EC What Does It Take To Invest Effectively In China A-Shares? Boots On The Ground, For Starters

by John Lin, Alliance Bernstein

As the Chinese New Year approaches, investors will welcome the year of China A-shares, soon to be included in the MSCI emerging-market (EM) benchmarks. But put careful consideration into determining which funds are actually ready to join the festivities.

Index provider MSCI plans a gradual integration for the vast onshore market, whose $8.3 trillion market capitalization is second only to that of the US. Though A-shares will initially account for just 0.7% of the MSCI Emerging Markets Index, it’s a major step toward assimilating China’s vast onshore equity universe into global capital markets. At full inclusion of 500 stocks, A-shares are likely to account for more than 20% of the benchmark, according to many sell-side estimates. Over the long term, the index revisions are expected to unleash $100 billion of investment in A-shares through EM vehicles.

Increasing Exposure to Chinese Markets

But are EM funds ready for the change? Overseas investment funds have been increasing exposure to China, according to a recent Bloomberg report. Yet even though 87% of mutual and index funds invest in Chinese equities—and some A-shares are already accessible—their holdings remain concentrated in offshore H-shares, traded in Hong Kong, and US-listed American depositary receipts (ADRs).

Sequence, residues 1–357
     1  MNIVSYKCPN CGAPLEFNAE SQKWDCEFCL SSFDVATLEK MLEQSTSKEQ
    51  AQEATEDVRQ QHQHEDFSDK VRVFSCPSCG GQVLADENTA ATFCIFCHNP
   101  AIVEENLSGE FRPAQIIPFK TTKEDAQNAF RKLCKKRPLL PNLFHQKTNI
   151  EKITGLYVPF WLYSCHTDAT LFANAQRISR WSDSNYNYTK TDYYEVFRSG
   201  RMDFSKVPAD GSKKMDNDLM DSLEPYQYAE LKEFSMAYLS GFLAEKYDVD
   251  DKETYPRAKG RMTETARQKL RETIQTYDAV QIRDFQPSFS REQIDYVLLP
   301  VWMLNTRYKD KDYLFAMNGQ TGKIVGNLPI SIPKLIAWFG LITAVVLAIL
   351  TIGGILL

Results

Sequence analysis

Nearly three-quarters of the funds don’t hold any onshore shares. China A-shares account for only US$14 billion (or 1.7%) of assets under management in EM funds (Display, left). And only 10 EM funds hold more than 10% in onshore equities (Display, right).

China A-Shares

There are good reasons to be cautious about A-shares. Investors need to navigate structural imbalances in China’s debt-laden economy, concerns about the government’s macroeconomic stewardship and the large contingent of state-owned enterprises in the market.

Ignoring A-shares, however, means missing the full potential of China’s expansion. For example, the onshore market is full of growing healthcare companies serving the country’s aging generation. Many technology firms from the Shenzhen market are inaccessible offshore. The market also provides access to China’s explosive consumer growth and local brands popular with the growing middle class; shares of Kweichow Moutai, the distiller of a popular grain liquor, more than doubled on the Shanghai Stock Exchange over the last 12 months due to swelling demand.

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The views expressed herein do not constitute research, investment advice or trade recommendations and do not necessarily represent the views of all AllianceBernstein portfolio-management ...

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